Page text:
Executive Order 12958
Under the terms of Executive Order 12958, Sec. 5.4, there is an appeal procedure which established the Interagency Security Classification Appeals Panel. The members of ISCAP are the State Department, the Department of Defense, the National Security Council, the Justice Department, the National Archives, and the DCI, whose representative comes from the Community Management Staff (CMS). CMS considers itself to be the Intelligence Community representative as opposed to the CIA representative, and thus free to oppose CIA positions. When this occurs, CIA per se is without representation. ISCAP is the appeal panel for persons who want to contest declassification decisions under E.O. 12958. When an appeal reaches ISCAP, CIA declassification decisions may be overturned by a simple majority vote. The only formal appeal to an ISCAP decision is to the President of the United States.
There have recently been several highly significant challenges to CIA declassification decisions emanating from the ISCAP appeal process. The process itself can be considered to be flawed in that the ISCAP is for the most part composed of individuals without the requisite background and experience in clandestine intelligence operations to recognize and protect what needs protection. Nor do these panel members appear to understand that leaders of foreign countries, where US covert activities are attributed to CIA, cannot be expected to approve of such activities. One would not expect the military to allow tank drivers or pilots to run submarines, or lawyers to perform medical operations. In the same vein, valid decisions on clandestine operations declassification can only properly be made by those with the required current and background knowledge, and the experience of living with the anticipated and unanticipated consequences of information declassified, and then openly available to the entire world.
It is from the non-United States readership that the unintended consequences are likely to be derived. The loss of liaison cooperation, increased counterintelligence vigilance against staff and agents abroad, and the refusal of human assets to collaborate due to fear of exposure cut to the vital organs of the CS.
There is no workable appeal process for ISCAP decisions, short of going to the President. The unfortunate result of CS equities being judged by unqualified panelists is that bedrock Agency policies and DCI authorities are under assault from ISCAP reviews. Perhaps the most stunning example of this is a recent ISCAP vote, by a margin of 5 to 1, regarding the protection of Foreign Government Information (FGI), liaison-derived intelligence. In most cases, the "fact of" an existing clandestine liaison relationship is classified; the clandestine collection of intelligence via such relationships constitutes a collection method as in sources and methods. The DCI legislative authority to protect sources and methods is under direct legal challenge via the very panel established under E.O. 12958 to adjudicate declassification issues. As if this were not enough, ISCAP has ordered the DCI to query clandestine foreign liaison partners for permission to declassify their information.
In a legal decision on this issue rendered by the Office of Legal Counsel, US Department of Justice on 5 October 1999, it was ruled that the ISCAP can legally override DCI classification authorities and responsibilities. This includes DCI abilities to protect sources and methods, the essence of the CS.
Quite apart from the challenge to overall DCI authority explicit in this attempted interference in his management of sources and methods, there can be no more certain way to destroy intelligence relationships than to demonstrate CIA's inability to honor prior agreements and protect sensitive/foreign sources. This is an issue of credibility and trustworthiness, which is crucial in the establishment of clandestine relationships. To those foreign individuals who commit to such relationships, failure to protect is often, quite literally, a matter of life and death. This issue seems destined for appeal to the President. Meanwhile, ISCAP has also recently challenged CIA protection of another clandestine collection method currently used to great benefit in a number of foreign countries. In both of these examples, ISCAP members have demonstrated their lack of understanding and concern with regard to fundamental clandestine intelligence collection verities, as well as denying DCI authority and responsibilities.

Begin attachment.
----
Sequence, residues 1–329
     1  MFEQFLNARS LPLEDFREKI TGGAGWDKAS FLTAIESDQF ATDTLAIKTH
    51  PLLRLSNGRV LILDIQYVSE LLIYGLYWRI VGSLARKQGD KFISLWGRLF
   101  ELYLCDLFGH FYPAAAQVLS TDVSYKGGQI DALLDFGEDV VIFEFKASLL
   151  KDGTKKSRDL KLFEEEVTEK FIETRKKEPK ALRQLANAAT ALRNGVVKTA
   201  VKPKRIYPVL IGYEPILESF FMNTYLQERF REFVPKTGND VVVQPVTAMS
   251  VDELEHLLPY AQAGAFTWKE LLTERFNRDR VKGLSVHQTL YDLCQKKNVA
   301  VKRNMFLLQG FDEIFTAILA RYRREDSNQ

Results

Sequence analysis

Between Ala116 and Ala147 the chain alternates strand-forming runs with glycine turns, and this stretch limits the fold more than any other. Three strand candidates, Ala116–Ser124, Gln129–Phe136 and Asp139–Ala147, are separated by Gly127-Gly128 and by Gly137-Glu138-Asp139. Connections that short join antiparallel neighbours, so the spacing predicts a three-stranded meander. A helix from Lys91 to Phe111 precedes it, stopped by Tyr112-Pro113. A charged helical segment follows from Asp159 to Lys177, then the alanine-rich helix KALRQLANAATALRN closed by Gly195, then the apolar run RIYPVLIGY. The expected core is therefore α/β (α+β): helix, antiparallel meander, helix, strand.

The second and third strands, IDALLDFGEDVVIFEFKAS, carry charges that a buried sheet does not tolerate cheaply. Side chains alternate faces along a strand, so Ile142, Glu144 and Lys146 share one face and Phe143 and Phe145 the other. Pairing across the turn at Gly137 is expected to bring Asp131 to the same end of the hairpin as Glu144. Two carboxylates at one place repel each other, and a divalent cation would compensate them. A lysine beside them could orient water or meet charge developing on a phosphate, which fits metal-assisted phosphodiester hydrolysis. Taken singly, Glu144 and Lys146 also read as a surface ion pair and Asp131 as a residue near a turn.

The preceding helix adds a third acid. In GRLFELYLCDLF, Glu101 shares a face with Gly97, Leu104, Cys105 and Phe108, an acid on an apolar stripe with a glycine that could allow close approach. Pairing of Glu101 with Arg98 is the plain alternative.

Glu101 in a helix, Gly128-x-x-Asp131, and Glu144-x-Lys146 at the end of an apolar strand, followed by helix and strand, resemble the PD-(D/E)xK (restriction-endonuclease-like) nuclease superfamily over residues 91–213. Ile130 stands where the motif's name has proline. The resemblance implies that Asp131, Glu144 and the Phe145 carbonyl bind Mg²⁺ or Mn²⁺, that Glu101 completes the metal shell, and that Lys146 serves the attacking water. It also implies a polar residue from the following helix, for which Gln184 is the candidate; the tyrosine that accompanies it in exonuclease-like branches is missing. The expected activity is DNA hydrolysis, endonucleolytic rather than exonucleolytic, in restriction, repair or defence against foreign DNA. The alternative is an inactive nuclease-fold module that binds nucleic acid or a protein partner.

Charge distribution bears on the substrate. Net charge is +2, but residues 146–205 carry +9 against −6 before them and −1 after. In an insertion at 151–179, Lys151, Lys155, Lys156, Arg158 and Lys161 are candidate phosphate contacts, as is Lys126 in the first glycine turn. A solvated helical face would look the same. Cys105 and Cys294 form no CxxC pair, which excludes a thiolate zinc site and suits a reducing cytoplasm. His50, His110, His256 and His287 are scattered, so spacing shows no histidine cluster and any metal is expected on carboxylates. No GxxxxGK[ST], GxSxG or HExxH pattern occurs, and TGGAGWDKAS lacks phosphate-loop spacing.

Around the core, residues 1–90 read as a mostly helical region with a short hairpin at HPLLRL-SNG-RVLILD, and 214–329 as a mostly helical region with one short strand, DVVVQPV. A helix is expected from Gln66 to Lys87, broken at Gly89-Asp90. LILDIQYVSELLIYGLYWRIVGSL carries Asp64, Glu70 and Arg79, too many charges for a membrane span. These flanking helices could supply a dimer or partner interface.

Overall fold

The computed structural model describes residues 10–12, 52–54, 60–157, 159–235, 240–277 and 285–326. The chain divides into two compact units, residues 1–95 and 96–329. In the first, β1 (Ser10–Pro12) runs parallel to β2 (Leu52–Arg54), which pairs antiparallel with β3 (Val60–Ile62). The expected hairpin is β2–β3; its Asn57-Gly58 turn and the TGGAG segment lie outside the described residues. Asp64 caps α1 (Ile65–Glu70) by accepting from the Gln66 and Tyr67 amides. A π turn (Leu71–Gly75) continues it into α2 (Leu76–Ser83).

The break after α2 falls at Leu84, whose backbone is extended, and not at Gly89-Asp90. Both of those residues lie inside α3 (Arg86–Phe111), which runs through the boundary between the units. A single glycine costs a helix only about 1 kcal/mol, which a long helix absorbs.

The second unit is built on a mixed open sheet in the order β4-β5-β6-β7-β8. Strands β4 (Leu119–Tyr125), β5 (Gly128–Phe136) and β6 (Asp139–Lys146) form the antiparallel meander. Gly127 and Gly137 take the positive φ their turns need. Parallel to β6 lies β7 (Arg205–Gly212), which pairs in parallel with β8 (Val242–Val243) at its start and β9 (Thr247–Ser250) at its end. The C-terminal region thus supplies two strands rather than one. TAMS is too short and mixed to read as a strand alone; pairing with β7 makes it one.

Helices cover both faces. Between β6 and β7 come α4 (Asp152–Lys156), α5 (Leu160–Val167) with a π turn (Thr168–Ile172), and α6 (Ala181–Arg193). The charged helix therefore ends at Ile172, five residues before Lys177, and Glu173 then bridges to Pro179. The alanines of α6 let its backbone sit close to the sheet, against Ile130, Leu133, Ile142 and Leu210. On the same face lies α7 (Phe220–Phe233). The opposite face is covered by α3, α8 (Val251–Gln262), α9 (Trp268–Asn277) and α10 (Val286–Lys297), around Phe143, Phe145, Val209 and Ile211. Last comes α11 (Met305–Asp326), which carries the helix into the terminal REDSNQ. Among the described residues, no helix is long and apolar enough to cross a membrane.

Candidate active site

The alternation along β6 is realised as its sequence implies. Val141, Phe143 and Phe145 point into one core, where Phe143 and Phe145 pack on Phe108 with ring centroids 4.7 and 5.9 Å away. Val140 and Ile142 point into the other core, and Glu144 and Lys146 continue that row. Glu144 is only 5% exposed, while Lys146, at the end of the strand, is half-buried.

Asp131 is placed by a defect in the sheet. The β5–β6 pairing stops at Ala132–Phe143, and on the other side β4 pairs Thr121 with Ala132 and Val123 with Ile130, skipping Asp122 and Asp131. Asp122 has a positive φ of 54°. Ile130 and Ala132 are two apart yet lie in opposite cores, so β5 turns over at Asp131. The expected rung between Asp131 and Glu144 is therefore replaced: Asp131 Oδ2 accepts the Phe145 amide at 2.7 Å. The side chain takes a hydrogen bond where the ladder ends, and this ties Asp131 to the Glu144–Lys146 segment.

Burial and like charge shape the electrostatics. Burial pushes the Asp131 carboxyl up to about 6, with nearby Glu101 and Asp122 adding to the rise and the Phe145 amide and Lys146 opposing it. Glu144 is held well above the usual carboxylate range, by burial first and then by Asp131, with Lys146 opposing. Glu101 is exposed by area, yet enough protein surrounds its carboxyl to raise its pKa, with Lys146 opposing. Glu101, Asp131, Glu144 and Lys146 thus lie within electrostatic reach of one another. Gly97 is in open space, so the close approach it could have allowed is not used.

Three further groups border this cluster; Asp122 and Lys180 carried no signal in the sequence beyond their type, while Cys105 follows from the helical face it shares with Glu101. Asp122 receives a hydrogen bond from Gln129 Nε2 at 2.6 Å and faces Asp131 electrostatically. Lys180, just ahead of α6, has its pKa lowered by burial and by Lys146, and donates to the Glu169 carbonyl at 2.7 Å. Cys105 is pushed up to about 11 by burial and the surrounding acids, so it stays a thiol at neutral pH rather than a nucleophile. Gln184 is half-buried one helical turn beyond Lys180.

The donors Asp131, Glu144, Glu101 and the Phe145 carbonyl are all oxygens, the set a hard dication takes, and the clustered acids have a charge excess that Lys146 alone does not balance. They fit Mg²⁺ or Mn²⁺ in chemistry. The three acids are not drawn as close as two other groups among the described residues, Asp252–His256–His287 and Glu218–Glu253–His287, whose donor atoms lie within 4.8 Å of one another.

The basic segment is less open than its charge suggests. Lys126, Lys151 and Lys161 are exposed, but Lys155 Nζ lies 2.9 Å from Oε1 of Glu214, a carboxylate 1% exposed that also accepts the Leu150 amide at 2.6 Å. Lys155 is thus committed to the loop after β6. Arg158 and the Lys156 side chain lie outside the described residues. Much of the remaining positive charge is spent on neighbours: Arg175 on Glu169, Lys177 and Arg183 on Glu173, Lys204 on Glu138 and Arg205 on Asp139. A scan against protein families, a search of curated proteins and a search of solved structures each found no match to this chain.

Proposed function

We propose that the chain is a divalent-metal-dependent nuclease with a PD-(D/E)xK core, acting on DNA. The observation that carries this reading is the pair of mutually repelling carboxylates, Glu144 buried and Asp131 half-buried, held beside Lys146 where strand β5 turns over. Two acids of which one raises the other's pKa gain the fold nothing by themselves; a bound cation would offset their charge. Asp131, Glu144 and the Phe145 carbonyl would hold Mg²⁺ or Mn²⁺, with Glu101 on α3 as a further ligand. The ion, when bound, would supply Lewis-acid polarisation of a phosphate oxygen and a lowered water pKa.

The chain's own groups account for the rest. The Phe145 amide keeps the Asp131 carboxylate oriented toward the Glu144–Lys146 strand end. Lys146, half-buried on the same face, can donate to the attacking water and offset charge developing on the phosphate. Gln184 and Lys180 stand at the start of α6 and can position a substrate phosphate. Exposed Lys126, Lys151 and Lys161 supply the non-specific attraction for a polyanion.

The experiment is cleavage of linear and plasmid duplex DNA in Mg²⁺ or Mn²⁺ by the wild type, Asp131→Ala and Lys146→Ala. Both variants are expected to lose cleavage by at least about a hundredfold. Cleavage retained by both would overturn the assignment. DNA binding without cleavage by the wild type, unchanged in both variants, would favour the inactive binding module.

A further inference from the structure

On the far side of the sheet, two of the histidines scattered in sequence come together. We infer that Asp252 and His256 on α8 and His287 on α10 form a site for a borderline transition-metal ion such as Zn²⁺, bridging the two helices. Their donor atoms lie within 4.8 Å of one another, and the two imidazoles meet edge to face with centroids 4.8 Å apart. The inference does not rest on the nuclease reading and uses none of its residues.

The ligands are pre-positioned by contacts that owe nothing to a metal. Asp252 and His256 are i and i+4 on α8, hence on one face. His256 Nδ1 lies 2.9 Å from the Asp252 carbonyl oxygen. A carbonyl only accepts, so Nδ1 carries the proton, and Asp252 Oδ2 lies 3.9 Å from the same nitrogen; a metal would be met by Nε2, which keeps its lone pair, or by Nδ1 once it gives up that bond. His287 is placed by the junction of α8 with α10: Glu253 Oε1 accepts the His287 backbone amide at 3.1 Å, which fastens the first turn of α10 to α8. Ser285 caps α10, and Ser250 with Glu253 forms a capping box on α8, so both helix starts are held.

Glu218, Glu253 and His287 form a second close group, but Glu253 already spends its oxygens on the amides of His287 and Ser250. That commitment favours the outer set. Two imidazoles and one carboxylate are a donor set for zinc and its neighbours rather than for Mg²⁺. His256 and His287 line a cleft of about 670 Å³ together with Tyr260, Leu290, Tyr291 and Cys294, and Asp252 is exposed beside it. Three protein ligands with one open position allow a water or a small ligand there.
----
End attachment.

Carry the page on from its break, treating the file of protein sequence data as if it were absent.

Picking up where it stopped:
Strong Leadership Needed
To prevent immediate and long-term injurious impact on our clandestine capabilities, we should continue to deny in full documents which cannot otherwise be sanitized in such a manner as to protect our equities. In most cases, satisfactory sanitization will at a minimum, entail deletion of specific reference to CIA, as well as references and/or inferences which identify sources and methods, liaison relationships, and so forth.
More than theory or lip service will be required to make this work. Unfortunately, the DO, despite being the Directorate most affected, has not become fully engaged at the senior management level. This may be partially explained in terms of what is commonly referred to as the "DO culture." Here, that phrase is used to refer to a cultural disdain for other than clandestine operations. Such an admirable focus may be too narrow to meet successfully the challenge of the era of openness. Only those who have had sufficient experience to understand and appreciate the nuances can truly judge the impact of lapses in the protection of the basic tenets of the craft. It is therefore incumbent on the DO leadership to recognize the seriousness of the current assault on its core values and to devote the same measure of dedication and imagination to protecting those values as it does to traditional operations. We can and should embrace openness. Senior Agency management must, however, set the parameters of intelligence information release to safeguard the future effectiveness of the CS.
N. Richard Kinsman served in the Directorate of Operations, and from 1997 to the present has assisted in declassification programs.